Craig The first day of Fueling Thought Energy Summit 2008 did not go by without speculation about Northwest Colorado's future.
The Summit, which began Thursday and continues today at the Holiday Inn of Craig, is a platform for energy industry representatives and state officials to discuss Colorado's natural resources economy.
Industry representatives and politicians agreed that Northwest Colorado's clean coal reserves likely will benefit the area for years to come. With the charge for clean energy sources, they said, the region's relatively clean coal should be in high demand.
Many industry speakers lamented the public outcry for renewable resources, saying its unrealistic to assume resources such as wind and solar energy alone could power the country's demand.
"We believe at Tri-State (Generation and Transmission) that one of the highest wind regions in the country is in northern Colorado and southern Wyoming," said Jim McNicol, Tri-State Craig Station power plant manager. "Even in that windiest region in the continental United States, the wind only blew around 30 percent of the time.
"When we bring wind generation into our fleet, we need to back that generation with something. You have to have a base load reserve to rely on when there's such variability in your resource."
Colorado Sen. Jack Taylor, R-Steamboat Springs, agreed.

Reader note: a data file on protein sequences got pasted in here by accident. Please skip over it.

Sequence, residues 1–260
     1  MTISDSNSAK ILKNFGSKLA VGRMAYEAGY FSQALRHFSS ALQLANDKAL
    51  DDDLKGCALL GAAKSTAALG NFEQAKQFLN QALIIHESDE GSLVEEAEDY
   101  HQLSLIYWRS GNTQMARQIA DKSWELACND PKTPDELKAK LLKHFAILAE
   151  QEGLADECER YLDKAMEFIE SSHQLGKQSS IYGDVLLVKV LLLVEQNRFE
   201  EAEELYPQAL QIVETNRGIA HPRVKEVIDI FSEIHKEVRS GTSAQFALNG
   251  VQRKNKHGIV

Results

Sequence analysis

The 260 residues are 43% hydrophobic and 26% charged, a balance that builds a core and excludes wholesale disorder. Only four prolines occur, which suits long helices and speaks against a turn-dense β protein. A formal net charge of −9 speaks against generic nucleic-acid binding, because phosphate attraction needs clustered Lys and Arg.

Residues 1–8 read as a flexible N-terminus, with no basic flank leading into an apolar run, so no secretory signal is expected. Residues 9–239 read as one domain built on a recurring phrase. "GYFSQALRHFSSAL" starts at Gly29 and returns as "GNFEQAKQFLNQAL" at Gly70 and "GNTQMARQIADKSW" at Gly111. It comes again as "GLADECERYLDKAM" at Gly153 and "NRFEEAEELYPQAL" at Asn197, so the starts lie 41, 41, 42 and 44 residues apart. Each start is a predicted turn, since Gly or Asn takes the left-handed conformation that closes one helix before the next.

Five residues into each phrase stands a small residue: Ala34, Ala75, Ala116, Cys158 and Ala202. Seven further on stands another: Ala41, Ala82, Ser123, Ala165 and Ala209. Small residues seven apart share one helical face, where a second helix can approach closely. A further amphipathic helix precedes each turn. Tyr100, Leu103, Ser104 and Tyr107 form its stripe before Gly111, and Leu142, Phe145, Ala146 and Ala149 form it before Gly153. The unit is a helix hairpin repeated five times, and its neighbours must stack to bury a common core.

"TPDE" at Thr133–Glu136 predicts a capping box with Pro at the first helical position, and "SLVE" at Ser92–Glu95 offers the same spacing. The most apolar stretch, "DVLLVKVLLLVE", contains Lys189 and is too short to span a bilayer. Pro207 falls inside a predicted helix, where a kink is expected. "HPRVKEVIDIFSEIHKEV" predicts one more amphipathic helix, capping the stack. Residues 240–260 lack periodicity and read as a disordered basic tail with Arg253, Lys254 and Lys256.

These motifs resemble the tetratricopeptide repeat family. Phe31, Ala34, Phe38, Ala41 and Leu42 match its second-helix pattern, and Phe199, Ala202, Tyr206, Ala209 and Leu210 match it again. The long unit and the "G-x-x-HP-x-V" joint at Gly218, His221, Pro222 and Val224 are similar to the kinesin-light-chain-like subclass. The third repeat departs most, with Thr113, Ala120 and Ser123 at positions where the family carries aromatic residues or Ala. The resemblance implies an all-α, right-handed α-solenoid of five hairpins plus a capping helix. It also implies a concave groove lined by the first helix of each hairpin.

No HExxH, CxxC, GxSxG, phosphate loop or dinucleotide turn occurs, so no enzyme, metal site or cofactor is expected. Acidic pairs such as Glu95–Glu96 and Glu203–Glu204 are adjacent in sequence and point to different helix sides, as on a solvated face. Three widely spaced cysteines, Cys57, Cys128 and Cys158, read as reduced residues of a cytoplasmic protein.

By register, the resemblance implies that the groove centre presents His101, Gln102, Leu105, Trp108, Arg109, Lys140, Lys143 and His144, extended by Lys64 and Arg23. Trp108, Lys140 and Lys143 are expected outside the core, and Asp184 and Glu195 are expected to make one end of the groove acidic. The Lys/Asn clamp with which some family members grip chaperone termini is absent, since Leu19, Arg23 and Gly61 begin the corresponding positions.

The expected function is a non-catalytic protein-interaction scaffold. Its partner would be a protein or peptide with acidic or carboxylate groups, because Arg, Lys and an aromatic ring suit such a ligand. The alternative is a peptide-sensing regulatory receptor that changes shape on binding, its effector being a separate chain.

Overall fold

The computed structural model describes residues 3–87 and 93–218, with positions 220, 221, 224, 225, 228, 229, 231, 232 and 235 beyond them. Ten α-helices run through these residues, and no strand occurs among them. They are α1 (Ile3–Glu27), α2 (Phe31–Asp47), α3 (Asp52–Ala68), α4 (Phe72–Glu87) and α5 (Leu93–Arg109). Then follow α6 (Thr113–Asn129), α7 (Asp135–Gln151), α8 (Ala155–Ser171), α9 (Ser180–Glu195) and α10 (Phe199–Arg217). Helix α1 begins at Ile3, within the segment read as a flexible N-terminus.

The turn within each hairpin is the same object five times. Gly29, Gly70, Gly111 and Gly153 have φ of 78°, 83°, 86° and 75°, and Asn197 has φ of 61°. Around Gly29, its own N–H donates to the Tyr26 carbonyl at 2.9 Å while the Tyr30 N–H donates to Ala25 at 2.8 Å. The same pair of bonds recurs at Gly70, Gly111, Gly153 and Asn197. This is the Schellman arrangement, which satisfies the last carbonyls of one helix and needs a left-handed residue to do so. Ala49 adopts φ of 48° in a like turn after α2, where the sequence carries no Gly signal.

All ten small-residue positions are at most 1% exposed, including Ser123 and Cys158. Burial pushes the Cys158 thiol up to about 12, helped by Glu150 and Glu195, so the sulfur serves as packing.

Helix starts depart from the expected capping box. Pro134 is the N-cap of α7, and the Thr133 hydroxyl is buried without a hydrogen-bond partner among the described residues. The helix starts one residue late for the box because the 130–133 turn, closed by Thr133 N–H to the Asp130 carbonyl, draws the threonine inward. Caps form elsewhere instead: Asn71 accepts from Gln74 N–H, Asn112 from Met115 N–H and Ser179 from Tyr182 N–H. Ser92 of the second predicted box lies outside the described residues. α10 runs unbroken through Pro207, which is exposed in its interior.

"In that future demand," he said, "renewables aren't going to make it."
Renewable and "green" energy sources should be part of the national picture, speakers said, but government requirements shouldn't constrict the industry as a whole.
As representatives from various energy interests around the region took the podium, many speakers made common remarks regarding government regulations.
The energy industry is experiencing a commercial high. Demand is at record, or near record, levels and many operations plan to continue working in the area.
However, industry officials said their businesses are not immune to increased costs, regardless of how profitable they may be at the moment.
Collin Stewart, manager of technical services for Bowie Resources, which has an underground mine in Paonia, reported that 2007 was a record year for his company in terms of coal shipped.
Last year also set a record for energy sales at the Tri-State Craig Station, McNicol said.
Both companies, though, are hurt by what Stewart and McNicol called a harmful regulatory environment.
"There does seem to be an anti-coal attitude out there," Stewart said, referring to both government regulation and the public's seeming disapproval of carbon-based fuels as opposed to renewable energy sources.
That position may disregard a potential windfall for Northwest Colorado, however, said Ken Brenner, Democratic candidate for state Senate District 8, which Taylor is vacating this year because of term limits.
"What we can't forget is that Northwest Colorado has an abundance of very clean-burning coal," Brenner said. "Demand for base load power is never going to go away. The new clean air standards and concerns about carbon dioxide and mercury will make Northwest Colorado coal even more valuable."
Colorado Rep. Al White, R-Hayden, who also is running for Taylor's vacated seat, said new regulations were unfair to the industry.
"I think the industry is being a little unfairly boxed in with all the carbon emission stuff," he said.
White added he hails from a small town in Illinois that once had a large coal mining operation, but was shut down because the coal there was relatively dirty and produced more pollution.
"I'd hate to see Northwest Colorado benefit at the disadvantage or harm to the rest of the industry throughout the United States," White said. "When that mining operation shut down, it put 300 to 400 miners out of work, and that really hurt the area, which was a lot like Craig."